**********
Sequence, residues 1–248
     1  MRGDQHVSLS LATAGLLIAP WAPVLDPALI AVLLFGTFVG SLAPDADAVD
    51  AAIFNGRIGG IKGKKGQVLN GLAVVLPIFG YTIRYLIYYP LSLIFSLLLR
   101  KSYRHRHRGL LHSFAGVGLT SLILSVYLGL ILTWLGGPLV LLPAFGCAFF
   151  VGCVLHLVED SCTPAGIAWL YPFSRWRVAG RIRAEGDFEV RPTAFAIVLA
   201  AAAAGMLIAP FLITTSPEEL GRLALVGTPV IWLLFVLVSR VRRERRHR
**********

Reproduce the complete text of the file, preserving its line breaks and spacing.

Sequence, residues 1–248
     1  MRGDQHVSLS LATAGLLIAP WAPVLDPALI AVLLFGTFVG SLAPDADAVD
    51  AAIFNGRIGG IKGKKGQVLN GLAVVLPIFG YTIRYLIYYP LSLIFSLLLR
   101  KSYRHRHRGL LHSFAGVGLT SLILSVYLGL ILTWLGGPLV LLPAFGCAFF
   151  VGCVLHLVED SCTPAGIAWL YPFSRWRVAG RIRAEGDFEV RPTAFAIVLA
   201  AAAAGMLIAP FLITTSPEEL GRLALVGTPV IWLLFVLVSR VRRERRHR